obs = y_test["oe"].to_list()[0]
    pred = y_pred[0]

    return (window_name, obs, pred)

Format Result Function

The function below takes the expected output of the function random_forest and returns a tab-delimited string that will be used later on when concatenating results.

def as_tsv(input: Tuple[str, float, float]) -> str:
    return '\t'.join(str(i) for i in input)

Build Python Image

In order to run a PythonJob, Batch needs an image that has the same version of Python as the version of Python running on your computer and the Python package dill installed. Batch will automatically choose a suitable image for you if your Python version is 3.7 or 3.8. You can supply your own image that meets the requirements listed above to the method PythonJob.image() or as the argument default_python_image when constructing a Batch . We also provide a convenience function docker.build_python_image() for building an image that has the correct version of Python and dill installed along with any desired Python packages.

For running the random forest, we need both the sklearn and pandas Python packages installed in the image. We use docker.build_python_image() to build an image and push it automatically to the location specified (ex: gcr.io/hail-vdc/random-forest).

image = hb.build_python_image('gcr.io/hail-vdc/random-forest',
                          requirements=['sklearn', 'pandas'])

Control Code

We start by defining a backend.

backend = hb.ServiceBackend()

Second, we create a Batch and specify the default Python image to use for Python jobs with default_python_image. image is the return value from building the Python image above and is the full name of where the newly built image was pushed to.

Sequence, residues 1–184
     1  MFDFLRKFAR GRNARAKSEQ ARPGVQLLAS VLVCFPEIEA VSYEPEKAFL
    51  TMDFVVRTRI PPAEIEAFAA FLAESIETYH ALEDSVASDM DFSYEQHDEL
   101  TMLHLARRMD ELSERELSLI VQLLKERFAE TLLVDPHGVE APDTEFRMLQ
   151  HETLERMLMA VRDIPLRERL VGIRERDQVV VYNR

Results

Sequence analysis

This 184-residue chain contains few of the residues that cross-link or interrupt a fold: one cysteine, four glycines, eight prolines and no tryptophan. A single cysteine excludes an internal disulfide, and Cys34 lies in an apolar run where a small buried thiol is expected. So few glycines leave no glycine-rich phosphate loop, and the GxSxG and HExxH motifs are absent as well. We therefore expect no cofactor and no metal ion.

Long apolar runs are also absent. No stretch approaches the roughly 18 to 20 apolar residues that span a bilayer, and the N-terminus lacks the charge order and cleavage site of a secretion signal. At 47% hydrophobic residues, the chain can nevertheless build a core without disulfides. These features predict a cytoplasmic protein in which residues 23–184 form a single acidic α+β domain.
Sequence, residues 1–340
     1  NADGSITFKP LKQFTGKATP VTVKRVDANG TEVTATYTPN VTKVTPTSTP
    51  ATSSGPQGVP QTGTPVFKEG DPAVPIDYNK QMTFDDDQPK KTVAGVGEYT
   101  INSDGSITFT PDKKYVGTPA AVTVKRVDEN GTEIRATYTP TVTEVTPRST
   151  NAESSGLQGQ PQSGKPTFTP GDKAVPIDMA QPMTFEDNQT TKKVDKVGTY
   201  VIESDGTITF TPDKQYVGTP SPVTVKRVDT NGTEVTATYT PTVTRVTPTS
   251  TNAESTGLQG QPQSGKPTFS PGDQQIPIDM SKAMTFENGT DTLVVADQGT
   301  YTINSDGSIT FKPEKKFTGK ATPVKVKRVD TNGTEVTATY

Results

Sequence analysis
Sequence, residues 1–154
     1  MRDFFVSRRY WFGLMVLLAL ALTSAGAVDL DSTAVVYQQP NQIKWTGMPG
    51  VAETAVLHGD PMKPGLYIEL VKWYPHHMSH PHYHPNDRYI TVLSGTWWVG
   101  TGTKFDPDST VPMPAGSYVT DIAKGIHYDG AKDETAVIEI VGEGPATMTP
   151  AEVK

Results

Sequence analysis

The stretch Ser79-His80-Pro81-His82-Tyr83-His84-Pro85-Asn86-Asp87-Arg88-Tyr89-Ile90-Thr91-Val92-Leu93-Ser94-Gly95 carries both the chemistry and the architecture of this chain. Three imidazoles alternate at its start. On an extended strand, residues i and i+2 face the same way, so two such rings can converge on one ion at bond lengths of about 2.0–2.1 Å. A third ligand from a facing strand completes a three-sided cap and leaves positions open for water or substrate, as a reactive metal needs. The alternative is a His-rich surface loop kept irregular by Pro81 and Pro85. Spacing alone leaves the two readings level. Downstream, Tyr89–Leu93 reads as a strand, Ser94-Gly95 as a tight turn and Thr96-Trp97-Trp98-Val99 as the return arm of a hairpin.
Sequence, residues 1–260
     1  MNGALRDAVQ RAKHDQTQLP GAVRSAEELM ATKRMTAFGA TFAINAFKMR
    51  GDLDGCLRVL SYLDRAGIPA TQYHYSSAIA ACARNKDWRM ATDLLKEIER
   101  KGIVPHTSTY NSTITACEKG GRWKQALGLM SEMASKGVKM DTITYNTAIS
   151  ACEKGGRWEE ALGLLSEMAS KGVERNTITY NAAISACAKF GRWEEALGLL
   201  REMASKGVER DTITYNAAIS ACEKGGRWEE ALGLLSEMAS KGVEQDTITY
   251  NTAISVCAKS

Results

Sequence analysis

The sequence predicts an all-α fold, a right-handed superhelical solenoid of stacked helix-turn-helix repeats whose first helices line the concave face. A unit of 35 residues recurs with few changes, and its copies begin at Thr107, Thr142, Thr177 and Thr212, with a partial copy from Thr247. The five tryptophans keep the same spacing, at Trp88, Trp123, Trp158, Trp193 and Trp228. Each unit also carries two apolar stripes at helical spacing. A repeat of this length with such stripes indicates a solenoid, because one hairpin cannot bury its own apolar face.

b = hb.Batch(name='rf',
             default_python_image=image)

Next, we read the y dataframe locally in order to get the list of windows to run. The file path containing the dataframe could be stored on the cloud. Therefore, we use the function hl.hadoop_open to read the data regardless of where it’s located.

with hl.hadoop_open(df_y_path) as f:
    local_df_y = pd.read_table(f, header=0, index_col=0)

Now we have a y dataframe object on our local computer, but we need a way for Batch to localize the files as inputs to a Job. Therefore, we use the method Batch.read_input() to tell Batch to localize these files when they are referenced by a Job.

df_x_input = b.read_input(df_x_path)
df_y_input = b.read_input(df_y_path)

We initialize a list to keep track of all of the output files to concatenate later on.

results = []

We now have all of our inputs ready and can iterate through each window in the y dataframe. For each window, we create a new PythonJob using the method Batch.new_python_job(). We then use the method PythonJob.call() to run the function random_forest. The inputs to random_forest are the Batch inputs df_x_input and df_y_input as well as the window name. Notice that the first argument to PythonJob.call() is the reference to the function to call (i.e random_forest and not random_forest(…). The rest of the arguments are the usual positional arguments and key-word arguments to the function. Lastly, we assign the result of calling the function to the variable result which is a PythonResult. A PythonResult can be thought of as a Python object and used in subsequent calls to PythonJob.call().